At a house in the San Fernando Valley, Paul Thomas Anderson, the writer-director of Boogie Nights, Magnolia, and, most recently, the coming-of-age comedy Licorice Pizza, which has been nominated for three Oscars, was setting up a photograph of his newest star, Alana Haim, next to an icy blue, kidney-shaped pool. This ranch-style house, which Anderson owns but does not live in, was built in 1951 and has been lovingly preserved: The kitchen has bright yellow floral wallpaper and knotty pine cabinets; the wall-size fireplace is made of slabs of granite; and the window seats, which span the outer border of the living room, are turquoise cotton rectangles. Like Licorice Pizza, which is set in 1973, the house recalls the scenic charms of California’s past, a history that endlessly intrigues Anderson.
“My hobby is looking through old newspapers,” Anderson said. He was wearing his usual uniform of black pants and a gray loose-fitting jacket with deep pockets. Although he grew up in the Valley and has immortalized that part of Los Angeles in nearly every one of his nine films, Anderson, who is 51 years old, looks more European than Californian. He has short, tousled hair and an innate boyishness that is tempered by genuine sophistication. “I was reading the Valley News from the early 1950s, and I was fascinated by the social section of the paper,” Anderson told me, as he adjusted one of his cameras. “I loved the women in the Valley doing their club activities. There were photos of the ladies at a flower show with their prized orchids. There was a group of art students who were chosen as extras for a Hollywood movie. There was a shot of a wedding shower for the daughter of a prominent family. And there were several photographs of fashion shows, usually for charity.”
Prada dress; Salvatore Ferragamo shoes.
From left: Alana wears a Giorgio Armani sweater; Ralph Lauren pants; vintage belt from New York Vintage, New York; Bass shoes; stylist’s own gloves. Danielle Haim wears a Leorosa sweater; Gucci shorts and shoes; Miu Miu belt; stylist’s own gloves. Este Haim wears a Lacoste sweater; Michael Kors Collection dress; AGL shoes; stylist’s own gloves.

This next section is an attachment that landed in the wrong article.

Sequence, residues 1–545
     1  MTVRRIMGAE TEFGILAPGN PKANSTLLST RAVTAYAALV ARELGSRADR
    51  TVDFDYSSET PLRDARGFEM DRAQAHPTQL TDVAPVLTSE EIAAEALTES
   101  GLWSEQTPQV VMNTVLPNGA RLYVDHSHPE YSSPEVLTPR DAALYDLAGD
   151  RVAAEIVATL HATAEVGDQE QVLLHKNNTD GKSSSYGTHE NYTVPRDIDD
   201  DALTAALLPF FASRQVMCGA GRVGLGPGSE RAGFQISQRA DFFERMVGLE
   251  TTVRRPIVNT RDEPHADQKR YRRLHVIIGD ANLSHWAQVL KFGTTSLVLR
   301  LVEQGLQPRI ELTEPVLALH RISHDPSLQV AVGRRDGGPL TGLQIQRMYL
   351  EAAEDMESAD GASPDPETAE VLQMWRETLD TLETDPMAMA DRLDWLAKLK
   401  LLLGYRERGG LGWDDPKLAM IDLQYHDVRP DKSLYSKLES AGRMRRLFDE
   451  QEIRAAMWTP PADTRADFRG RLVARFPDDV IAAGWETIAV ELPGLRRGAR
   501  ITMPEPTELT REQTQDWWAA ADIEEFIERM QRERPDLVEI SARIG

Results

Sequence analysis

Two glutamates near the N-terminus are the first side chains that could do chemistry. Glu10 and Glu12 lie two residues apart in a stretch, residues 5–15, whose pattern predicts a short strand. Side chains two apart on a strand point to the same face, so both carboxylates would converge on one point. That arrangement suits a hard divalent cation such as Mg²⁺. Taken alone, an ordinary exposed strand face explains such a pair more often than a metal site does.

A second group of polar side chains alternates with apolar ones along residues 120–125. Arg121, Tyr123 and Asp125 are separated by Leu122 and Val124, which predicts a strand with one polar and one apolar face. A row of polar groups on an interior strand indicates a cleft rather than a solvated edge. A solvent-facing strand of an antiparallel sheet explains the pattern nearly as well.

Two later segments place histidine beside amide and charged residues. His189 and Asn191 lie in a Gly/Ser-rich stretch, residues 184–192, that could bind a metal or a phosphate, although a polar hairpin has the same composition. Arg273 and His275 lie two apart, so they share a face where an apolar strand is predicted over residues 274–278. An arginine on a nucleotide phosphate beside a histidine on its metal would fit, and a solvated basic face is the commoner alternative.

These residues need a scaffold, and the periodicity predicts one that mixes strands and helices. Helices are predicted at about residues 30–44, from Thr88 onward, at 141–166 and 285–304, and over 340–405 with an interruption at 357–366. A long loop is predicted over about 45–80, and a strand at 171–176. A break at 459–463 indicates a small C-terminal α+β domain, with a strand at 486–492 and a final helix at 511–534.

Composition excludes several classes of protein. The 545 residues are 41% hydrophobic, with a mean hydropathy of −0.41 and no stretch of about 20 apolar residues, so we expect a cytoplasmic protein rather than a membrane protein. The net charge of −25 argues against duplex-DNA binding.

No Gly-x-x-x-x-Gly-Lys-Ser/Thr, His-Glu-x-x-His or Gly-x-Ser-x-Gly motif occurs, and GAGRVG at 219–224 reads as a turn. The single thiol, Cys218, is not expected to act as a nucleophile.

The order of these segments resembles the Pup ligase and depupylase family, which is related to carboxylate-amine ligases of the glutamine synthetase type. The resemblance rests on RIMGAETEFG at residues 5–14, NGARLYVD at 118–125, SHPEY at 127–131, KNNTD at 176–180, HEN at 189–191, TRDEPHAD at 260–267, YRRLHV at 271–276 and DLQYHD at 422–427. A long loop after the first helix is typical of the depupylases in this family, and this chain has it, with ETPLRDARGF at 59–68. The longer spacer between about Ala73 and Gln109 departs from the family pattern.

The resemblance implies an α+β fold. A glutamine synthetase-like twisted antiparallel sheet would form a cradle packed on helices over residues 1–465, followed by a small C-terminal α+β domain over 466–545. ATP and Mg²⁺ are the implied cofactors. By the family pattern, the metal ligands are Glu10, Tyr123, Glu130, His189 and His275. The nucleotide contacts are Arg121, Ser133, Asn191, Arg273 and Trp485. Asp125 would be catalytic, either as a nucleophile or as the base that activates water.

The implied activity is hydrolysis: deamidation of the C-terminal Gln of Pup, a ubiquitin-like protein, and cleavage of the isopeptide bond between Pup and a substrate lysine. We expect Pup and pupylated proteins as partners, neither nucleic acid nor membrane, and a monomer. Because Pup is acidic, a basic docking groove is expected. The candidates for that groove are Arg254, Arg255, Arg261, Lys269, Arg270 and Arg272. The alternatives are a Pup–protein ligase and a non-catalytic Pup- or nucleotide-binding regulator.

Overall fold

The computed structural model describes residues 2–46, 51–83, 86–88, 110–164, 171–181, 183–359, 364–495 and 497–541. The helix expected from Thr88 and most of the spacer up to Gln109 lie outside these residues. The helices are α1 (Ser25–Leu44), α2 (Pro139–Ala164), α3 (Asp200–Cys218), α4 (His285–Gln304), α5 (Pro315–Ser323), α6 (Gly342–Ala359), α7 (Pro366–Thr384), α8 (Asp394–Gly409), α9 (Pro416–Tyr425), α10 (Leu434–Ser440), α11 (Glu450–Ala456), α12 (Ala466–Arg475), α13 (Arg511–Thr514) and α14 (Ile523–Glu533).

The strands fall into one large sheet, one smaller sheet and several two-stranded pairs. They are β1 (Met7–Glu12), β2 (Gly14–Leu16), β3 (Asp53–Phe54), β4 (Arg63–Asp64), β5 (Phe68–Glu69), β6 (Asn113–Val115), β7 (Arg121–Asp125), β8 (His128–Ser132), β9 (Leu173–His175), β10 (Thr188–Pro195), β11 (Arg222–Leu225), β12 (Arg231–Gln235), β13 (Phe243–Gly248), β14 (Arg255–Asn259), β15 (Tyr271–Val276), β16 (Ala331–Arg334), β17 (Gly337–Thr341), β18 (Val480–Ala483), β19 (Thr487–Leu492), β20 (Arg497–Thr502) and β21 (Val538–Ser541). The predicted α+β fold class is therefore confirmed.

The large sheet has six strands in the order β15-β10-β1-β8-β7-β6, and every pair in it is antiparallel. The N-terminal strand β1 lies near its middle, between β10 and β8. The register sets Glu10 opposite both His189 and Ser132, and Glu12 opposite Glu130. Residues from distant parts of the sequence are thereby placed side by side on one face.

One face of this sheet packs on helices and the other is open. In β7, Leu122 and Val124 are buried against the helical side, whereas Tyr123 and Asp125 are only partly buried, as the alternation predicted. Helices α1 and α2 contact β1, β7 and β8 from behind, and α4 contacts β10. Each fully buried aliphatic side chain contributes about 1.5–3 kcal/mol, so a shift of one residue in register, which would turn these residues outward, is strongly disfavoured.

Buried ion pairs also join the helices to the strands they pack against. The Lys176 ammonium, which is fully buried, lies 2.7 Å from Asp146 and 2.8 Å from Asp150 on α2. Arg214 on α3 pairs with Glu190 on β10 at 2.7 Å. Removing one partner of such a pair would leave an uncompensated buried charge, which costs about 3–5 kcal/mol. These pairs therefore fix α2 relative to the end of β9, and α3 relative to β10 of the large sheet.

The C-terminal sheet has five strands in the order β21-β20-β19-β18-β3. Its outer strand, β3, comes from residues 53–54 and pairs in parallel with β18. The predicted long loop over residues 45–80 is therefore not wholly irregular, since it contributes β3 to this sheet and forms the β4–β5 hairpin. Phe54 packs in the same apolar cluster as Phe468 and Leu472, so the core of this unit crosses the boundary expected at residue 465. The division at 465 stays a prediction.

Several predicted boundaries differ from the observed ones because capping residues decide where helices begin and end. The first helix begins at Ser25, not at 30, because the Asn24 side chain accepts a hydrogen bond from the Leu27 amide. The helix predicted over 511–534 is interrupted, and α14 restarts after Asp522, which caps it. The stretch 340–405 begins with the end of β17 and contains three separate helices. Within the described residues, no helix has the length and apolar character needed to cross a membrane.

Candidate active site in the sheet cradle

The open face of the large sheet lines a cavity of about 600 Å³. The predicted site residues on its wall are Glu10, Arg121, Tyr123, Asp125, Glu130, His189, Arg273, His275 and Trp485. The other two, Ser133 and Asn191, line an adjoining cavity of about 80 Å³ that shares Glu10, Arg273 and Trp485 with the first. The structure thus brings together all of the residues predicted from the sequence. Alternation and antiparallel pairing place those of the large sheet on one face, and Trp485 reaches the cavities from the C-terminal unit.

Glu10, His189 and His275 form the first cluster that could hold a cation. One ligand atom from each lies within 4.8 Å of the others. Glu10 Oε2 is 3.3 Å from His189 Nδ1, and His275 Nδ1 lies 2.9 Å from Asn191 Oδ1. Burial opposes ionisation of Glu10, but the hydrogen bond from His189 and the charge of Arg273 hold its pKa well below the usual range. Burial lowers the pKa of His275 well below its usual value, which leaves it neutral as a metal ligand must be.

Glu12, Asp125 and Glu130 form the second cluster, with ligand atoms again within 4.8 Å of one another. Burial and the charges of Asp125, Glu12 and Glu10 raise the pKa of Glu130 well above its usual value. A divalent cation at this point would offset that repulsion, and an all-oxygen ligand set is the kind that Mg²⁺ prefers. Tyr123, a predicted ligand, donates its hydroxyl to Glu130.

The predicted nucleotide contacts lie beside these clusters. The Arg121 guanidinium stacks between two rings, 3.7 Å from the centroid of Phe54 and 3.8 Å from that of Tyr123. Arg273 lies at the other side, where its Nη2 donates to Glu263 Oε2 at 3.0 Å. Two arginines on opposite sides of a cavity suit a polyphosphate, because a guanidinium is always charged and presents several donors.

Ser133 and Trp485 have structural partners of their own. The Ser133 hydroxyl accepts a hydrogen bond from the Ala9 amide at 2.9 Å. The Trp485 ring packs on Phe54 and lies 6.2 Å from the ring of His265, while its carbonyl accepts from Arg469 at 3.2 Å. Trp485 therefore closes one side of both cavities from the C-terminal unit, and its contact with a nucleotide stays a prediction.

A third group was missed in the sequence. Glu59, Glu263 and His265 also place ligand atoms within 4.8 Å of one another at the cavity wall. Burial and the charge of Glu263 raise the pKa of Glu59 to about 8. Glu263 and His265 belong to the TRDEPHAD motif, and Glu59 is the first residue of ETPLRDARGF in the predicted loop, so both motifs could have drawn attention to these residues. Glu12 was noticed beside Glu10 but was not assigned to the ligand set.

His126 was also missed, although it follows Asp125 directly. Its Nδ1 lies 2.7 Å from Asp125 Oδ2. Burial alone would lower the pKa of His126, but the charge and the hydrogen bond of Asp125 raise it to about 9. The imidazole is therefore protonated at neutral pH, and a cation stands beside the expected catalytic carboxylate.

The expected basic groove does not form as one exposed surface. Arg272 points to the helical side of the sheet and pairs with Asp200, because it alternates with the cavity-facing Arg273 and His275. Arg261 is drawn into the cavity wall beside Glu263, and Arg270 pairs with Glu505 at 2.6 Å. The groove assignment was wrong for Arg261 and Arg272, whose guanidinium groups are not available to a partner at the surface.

After carefully reviewing the newspaper photos, Anderson decided that his shoot for W should center on a fashion presentation of the latest styles, circa 1950. In addition to Alana, he cast her sisters (and bandmates), Danielle and Este Haim; his eldest daughter, Pearl (Anderson has four children with Maya Rudolph, the brilliant comedian and actor); and various friends and family members to round out his newly anointed “Balboa Ladies Society.”
While the tables were being set and period-perfect delicacies (ambrosia Jell-O, anyone?) were being arranged in a banquet room at the nearby Monterey at Encino, the Balboa Golf Course’s restaurant, Anderson posed Haim in a woven lawn chair at the house. She was wearing a narrow red Prada gown made of cotton lace cut into floral shapes. Anderson first met Haim when he invited her and her sisters over to his home for dinner with his family. Then he directed nine of the band’s videos. “After I worked with Paul a number of times, he mentioned under his breath, ‘I’m going to put you in a movie,’ ” she told me. “I would have been happy with a PA job!” She smiled. Haim has a warm, instantly ingratiating manner that is captivating, which is part of the reason that critics like Manohla Dargis, writing in The New York Times, have called her a “film goddess.” In her debut movie role, Haim is both utterly real and mythic, like the first person you fall madly in love with.
Alana wears a Dior dress.
Anderson wrote Licorice Pizza with her in mind. “My character’s name is Alana Kane,” Haim continued, as she slipped on a pair of black slingbacks. “I immediately freaked out because I was so excited that Paul was using my name. When I read the script, I was in London, and I was so jet-lagged. I called him and gushed about the script. He immediately asked if I wanted to play Alana Kane. I said yes! And then, after I hung up, I freaked out and said, ‘What did I just get myself into?’ Now I’m here, sitting in this chair!”
In actuality, Alana Kane is also based on the actor Kay Lenz, who was best known for playing a free-spirited hippie in 1973’s Breezy, directed by Clint Eastwood. Anderson often uses real people as a point of departure for his scripts—the main character in There Will Be Blood was loosely based on the oil baron Edward Doheny; L. Ron Hubbard, who created Scientology, was an inspiration for The Master. A friend of Anderson’s named Gary Goetzman, who is now Tom Hanks’s producing partner, was the model for Licorice Pizza’s Gary Valentine, a child actor with an entrepreneurial streak, played by Cooper Hoffman. In real life, Goetzman dated Lenz, who worked for him at a waterbed store. There are echoes of that relationship in the film, but Anderson also plays with his own version of the friendship, which is filled with a surprising amount of emotion.